An Introduction to E Major Chords

Are you a fan of The Graduate [1]? Is “Mrs. Robinson” your jam? What if we said you could learn to play it?

You just have to start by learning E major, which “Mrs. Robinson” is set in [2].

Here, we’re going to be talking about E major chords, how they’re different from the E major scale, and how to play the chords. And here for D major chords and F major chords.

E Major Scale vs. E Major Chords

It’s easy to confuse the E major scale and the E major chords, but it’s simpler than you realize.

In basic terms, the E major scale is what the E major chords are built from. So, let’s talk about a few basics of the E major scale.

The notes of the E major scale are E, F#, G#, A, B, C#, and D#.

This is important because each of these notes is a root note for each chord in E, and the chords are limited to these seven notes. Like we said, chords are built from scales.

The Basics of Chords

With that in mind, let’s talk about chords.

Scales contain notes that are played individually. By contrast, chords consist of three or more notes that are played simultaneously. These groupings are useful because each grouping contains notes that always sound good when played together.

Among chords, there are triads, which is a three-note chord whose notes can be arranged into thirds [3].

Triads

With that in mind, let’s take a moment to explore triads before we dive into the specifics of E major chords and triad chords.

To figure out if a chord is a triad, you start by arranging notes into a circle of thirds. Pitch classes of a triad will always sit next to each other.

Now, triads are identified and labeled by their roots and quality. If you have a circle of thirds, you’ll find the root of the chord by identifying the pitch with the lowest class of the three.

If you want to find the quality, you identify the interval between the root and other notes in the chord. There are four qualities of triads in major and minor scales: major, minor, diminished and augmented.

Understanding Chords in E Major

With all of that in mind, let’s talk about the chords in E major. If you’re new to piano music or chords in general, don’t be intimidated by the number of chords–it’s simpler than you might think at first glance.

Root Position

As we said, the notes of the E major scale are E, F#, G#, A, B, C#, D#. All chords for this scale are based in these notes and can only contain combinations of these notes.

So, the chords in the E major scale are:

  • I: E major, E major seventh (Emaj, Emaj7)
  • ii: F sharp minor, F# minor seventh (F#m, F#m7)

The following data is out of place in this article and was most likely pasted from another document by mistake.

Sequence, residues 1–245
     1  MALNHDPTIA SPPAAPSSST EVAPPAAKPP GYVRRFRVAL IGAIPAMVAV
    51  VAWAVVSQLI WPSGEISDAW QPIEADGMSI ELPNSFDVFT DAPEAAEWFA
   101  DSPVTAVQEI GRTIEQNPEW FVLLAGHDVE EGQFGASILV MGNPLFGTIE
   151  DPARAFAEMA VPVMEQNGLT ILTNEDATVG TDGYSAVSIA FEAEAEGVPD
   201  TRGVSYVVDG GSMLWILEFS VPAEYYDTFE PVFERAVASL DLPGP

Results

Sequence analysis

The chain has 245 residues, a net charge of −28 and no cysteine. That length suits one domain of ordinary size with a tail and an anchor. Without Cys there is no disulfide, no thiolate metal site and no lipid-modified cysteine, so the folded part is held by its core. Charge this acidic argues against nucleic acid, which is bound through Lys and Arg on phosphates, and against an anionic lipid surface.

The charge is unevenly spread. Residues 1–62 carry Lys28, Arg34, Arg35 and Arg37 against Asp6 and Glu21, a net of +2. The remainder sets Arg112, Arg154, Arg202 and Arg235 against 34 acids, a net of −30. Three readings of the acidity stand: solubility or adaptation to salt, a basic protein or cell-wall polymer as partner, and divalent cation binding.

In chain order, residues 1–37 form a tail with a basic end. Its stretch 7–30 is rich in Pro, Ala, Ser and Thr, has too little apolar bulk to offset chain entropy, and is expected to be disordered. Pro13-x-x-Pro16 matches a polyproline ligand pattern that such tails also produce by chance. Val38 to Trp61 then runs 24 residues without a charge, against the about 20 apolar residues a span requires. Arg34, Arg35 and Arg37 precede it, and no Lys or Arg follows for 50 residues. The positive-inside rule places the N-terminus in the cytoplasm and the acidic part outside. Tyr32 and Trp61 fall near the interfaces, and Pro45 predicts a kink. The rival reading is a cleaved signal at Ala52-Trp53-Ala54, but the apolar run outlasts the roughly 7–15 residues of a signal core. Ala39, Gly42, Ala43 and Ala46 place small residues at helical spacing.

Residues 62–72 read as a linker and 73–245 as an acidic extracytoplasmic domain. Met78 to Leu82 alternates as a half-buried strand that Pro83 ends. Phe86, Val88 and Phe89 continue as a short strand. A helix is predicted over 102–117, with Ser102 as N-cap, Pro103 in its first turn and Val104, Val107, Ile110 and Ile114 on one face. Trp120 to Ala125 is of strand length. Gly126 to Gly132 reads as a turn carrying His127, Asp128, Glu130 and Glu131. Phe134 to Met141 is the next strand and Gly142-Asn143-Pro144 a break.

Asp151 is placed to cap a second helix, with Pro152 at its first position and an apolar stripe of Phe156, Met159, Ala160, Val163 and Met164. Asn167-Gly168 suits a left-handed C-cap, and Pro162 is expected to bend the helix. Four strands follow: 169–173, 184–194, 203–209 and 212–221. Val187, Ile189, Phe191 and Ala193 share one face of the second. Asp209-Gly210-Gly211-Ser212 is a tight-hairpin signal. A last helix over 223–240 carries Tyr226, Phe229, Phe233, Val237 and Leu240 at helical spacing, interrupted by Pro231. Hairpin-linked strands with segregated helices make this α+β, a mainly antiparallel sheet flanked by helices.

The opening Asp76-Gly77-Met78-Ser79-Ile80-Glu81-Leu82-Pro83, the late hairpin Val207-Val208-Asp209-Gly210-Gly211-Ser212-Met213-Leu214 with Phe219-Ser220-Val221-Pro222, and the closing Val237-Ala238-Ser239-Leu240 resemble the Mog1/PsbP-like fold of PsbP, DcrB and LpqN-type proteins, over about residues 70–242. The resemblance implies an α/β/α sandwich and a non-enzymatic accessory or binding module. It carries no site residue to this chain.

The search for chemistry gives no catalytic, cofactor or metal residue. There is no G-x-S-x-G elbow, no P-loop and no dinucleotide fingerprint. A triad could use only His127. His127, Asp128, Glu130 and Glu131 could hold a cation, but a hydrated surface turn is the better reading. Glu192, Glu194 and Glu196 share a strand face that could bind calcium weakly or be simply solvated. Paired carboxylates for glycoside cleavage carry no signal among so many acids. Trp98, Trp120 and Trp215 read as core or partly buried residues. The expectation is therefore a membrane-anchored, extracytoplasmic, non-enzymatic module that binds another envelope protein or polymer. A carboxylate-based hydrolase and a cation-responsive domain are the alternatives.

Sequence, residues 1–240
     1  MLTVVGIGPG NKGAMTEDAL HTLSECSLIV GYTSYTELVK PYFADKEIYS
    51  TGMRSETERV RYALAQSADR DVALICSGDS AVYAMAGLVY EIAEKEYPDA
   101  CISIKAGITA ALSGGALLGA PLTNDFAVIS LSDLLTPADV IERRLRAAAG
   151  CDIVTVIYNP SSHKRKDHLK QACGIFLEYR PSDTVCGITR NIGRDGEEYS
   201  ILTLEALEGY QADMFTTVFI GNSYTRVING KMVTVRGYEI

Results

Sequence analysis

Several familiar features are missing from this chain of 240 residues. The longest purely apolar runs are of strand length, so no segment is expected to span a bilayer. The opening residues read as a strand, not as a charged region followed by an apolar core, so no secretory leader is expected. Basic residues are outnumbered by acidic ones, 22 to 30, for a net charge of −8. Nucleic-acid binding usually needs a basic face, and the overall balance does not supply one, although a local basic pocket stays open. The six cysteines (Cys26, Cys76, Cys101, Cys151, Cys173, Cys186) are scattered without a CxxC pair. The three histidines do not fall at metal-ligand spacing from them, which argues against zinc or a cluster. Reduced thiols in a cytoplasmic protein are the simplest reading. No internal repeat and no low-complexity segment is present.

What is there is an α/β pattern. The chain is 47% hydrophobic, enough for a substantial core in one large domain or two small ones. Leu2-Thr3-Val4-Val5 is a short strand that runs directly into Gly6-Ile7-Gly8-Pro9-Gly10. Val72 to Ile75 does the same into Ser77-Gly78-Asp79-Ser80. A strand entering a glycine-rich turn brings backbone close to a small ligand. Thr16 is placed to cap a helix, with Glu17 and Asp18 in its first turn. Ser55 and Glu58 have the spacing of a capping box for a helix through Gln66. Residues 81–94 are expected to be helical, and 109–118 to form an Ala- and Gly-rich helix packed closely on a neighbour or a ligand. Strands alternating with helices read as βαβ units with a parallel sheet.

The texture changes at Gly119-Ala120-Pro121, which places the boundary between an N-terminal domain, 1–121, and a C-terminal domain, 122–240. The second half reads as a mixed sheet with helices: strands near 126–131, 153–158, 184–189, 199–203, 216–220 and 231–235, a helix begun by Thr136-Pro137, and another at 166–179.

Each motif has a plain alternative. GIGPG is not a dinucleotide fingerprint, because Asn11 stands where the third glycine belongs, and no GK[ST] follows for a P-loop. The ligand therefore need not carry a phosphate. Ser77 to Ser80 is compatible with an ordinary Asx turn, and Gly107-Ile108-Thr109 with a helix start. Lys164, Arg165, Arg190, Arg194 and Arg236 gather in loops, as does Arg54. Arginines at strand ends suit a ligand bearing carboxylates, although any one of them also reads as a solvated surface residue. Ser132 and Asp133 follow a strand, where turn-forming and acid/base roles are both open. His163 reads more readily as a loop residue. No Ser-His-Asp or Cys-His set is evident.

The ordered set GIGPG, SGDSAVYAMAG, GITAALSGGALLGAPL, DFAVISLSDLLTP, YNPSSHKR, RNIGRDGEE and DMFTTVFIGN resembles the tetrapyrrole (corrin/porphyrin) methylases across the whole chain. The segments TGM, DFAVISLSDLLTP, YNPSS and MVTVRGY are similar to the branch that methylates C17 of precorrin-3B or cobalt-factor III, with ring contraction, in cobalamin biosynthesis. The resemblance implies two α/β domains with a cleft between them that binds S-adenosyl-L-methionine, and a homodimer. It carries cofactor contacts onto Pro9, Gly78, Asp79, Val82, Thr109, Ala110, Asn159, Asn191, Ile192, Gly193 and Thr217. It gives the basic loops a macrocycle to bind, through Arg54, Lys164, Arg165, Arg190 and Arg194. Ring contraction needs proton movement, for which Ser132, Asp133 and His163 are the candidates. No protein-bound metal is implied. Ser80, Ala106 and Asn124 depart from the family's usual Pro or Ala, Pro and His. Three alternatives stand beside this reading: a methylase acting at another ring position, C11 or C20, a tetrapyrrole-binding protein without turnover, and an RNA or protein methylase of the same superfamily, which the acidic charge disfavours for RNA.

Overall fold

• iii: G sharp minor, G# minor seventh (G#m, G#m7)
  • IV: A major, A major seventh (A, Amaj 7)
  • V: B major, B dominant seventh (B, B7)
  • vi: C sharp minor, C# minor seventh (C#m, C#m7)
  • vii: D# diminished, D# minor seventh flat five (D#, D#m7b5)

Roman numerals for major chords are capitalized and Roman numerals for minor chords are lowercase.

If you have no idea what those bullet points mean, here are the chords in plain English:

  • E major: E, G#, B
  • E major 7th: E, G#, B, D#
  • F# minor: F#, A, C#
  • F# minor 7th: F#, A, C#, E
  • G# minor: G#, B, C#
  • G# minor 7th: G#, B, C#, F#
  • A major: A, C#, E
  • A major 7th: A, C#, E, G#
  • B major: B, D#, F#
  • B dominant 7th: B, D#, F#, A
  • C# minor: C#, E, G#
  • C# minor 7th: C#, E, G#, A
  • D# diminished: D#, F#, A
  • D# minor 7th flat five: D#, F#, A, C#

If you’re paying attention, you’ll notice that all of these chords have a pattern that’s pretty straightforward to follow if you’re looking at a keyboard.

Inversions

Now, if you’re focusing on the E major chord (E, G#, B) there’s a whole lot you can do with just three little notes.

Start by looking at a keyboard. You’ll notice that G# (the black key to the right of G) is two tones/keys to the right of E, while B is one and a half tones/keys away from G.

So, the root position of the E major chord is E, G#, B. From here, the first inversion is G#, B, E, and the second inversion is B, E, G#. Regardless of where you play the chord or whether you play a root or inversion, all three notes are played simultaneously.

Fingering

With that in mind, let’s talk about fingering.

On the right hand, if you start with the root position (E, G#, B), then your first finger/thumb will be placed on E, your third/middle finger will be placed on G#, and your fifth/pinky finger will be placed on B.

When you use the right hand, you can read the root and inversions from right to left and understand how you’re going to place your fingers in the chord.

If you play with the left hand, all you have to do is reverse the order. Or, read from left to right, since your first finger/thumb on your left hand is on the right and your fifth/pinky finger is on the left.

So, on your left hand, your first finger/thumb plays B, your third/middle finger plays G#, and your fifth/pinky finger plays E. This can all be shifted through the two inversions as well.

Making Sense of the Whole Keyboard

Now that you understand the E major chord, are you ready to start playing?

If you want more ideas for where to begin on the piano, or if you want to learn more about scales and chords, check out our site for all kinds of information from guides like this one to piano reviews and more.

Stephanie Su
 

Started learning music when she was four years old, Stephanie is a music teacher and a music therapist who is highly proficient in Piano, Violin, Guitar, and Ukulele. She likes to learn, teach, and share her music playing experiences.

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